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Former Governor of Puerto Rico Discusses Florida’s Growing Puerto Rican Voter Bloc

By Maria Carrasquillo

Florida’s Puerto Rican electorate is “up for grabs,” suggested former governor of Puerto Rico Luis Fortuño (R) in a recent interview, and it could very well decide who wins this important swing state in the 2016 presidential election. The recent and historic exodus of large numbers of Puerto Ricans to Florida’s I-4 corridor, largely in response to the island’s ongoing economic crisis, is drawing unprecedented attention to this battleground state. The voting tendencies of new arrivals potentially differ from those of the long-established Puerto Rican electorate in New York (which has consistently supported the Democratic Party), making them a wildcard in the upcoming election.

It is estimated that more than twelve million Latinos will be casting their vote in the 2016 presidential election, and the Latino vote will likely influence the outcome in such key battleground states as Florida, New Mexico, Arizona, and Colorado. The growing Puerto Rican community in Florida’s I-4 corridor has the opportunity to play a decisive role in the upcoming election for a number of reasons, including its increasing size and legal status. Pew Research data shows that Florida’s Puerto Rican population now surpasses one million, with approximately 100,000 people having arrived since 2012 and settling mostly in the Orlando-Kissimmee-Sanford area. Unlike other Latino immigrants, Puerto Ricans are born with U.S. citizenship and therefore can register to vote more easily, which makes them an important electorate to court.

But, despite a past preference for the Democrats, the Puerto Rican vote might not be guaranteed to either party. The relative “newness” of the Florida Puerto Rican electorate in U.S. presidential elections makes their voting behavior especially difficult to predict. Fortuño noted that Florida, and the I-4 corridor specifically, previously voted for Republican Senator (and now GOP presidential candidate) Marco Rubio in 2010 and Democratic President Barack Obama in 2012. More recently, voters in Orange and Osceola counties, which are now home to most newly arrived Puerto Ricans, turned out in large numbers to support Republican Rick Scott, narrowing Democrat Charlie Crist’s margin of victory in these counties.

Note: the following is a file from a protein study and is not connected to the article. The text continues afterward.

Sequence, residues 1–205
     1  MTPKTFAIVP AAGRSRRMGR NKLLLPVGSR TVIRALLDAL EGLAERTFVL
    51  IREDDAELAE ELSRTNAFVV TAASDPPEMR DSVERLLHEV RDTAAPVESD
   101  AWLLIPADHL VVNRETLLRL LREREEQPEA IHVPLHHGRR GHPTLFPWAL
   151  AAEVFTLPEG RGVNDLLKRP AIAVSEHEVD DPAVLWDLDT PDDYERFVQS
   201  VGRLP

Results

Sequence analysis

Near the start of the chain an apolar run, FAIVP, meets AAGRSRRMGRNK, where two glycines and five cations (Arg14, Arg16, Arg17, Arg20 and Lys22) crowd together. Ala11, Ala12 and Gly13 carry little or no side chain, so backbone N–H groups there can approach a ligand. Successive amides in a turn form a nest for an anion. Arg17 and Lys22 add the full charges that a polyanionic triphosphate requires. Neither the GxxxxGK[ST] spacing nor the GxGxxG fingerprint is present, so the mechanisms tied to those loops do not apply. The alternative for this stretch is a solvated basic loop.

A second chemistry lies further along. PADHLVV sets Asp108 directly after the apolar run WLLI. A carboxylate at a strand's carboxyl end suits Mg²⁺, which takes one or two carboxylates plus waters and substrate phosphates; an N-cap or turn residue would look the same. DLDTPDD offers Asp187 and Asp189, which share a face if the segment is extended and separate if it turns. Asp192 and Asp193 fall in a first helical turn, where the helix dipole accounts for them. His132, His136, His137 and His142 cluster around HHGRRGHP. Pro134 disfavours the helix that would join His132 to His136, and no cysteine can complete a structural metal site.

For Mr. Fortuño, where a candidate stands on the contentious issue of the island’s political status may play an important role in his or her ability to court the growing number of Puerto Rican voters in central Florida. While former GOP primary candidate Jeb Bush openly expressed support for resolving the question of the island’s statehood, many on both sides of the aisle have remained quiet about the future of this U.S. territory. At the same time, the fact that the debate in Congress continues regarding whether to provide funds to relieve Puerto Rico’s financial crisis—thus affecting the island’s ability to file for bankruptcy—will likely influence how Puerto Ricans feel about the Democratic or Republican nominee. What candidates have to say about the island’s economic straits may shape Puerto Rican voters’ perception of the extent to which a given candidate supports their interests and those of relatives still on the island.

The immigration debate, though not directly affecting newly arrived Puerto Ricans, could also play a role in the decision-making of this constituency. Recent controversial remarks on immigration by some GOP primary candidates have resulted in backlash against these candidates among prominent Latino activists, organizations, celebrities, and fellow politicians. The tenor of the immigration debate raises the question of whether any Republican nominee would be able to win over enough of this voting bloc, which broadly supports immigration reform, in this year’s presidential contest.

“Depending on how they handle themselves on these issues, they’ll do better or worse with the Hispanic community,” Mr. Fortuño noted, with regards to recent provocative statements coming from some GOP primary candidates.

Speaking specifically about I-4 corridor voters, Mr. Fortuño emphasized that all candidates should understand “that these voters are up for grabs, that what they say and how they say it matters, and if they don’t heed that advice, and resort to incendiary rhetoric, they will pay the price.”

On February 29 American University’s Center for Latin American and Latino Studies, together with its Center for Congressional and Presidential Studies, will host Mr. Fortuño and other experts to discuss the role of the Latino vote in the primaries and upcoming election, as part of its 2nd Annual Latino Public Affairs Forum. Information about this event can be found here.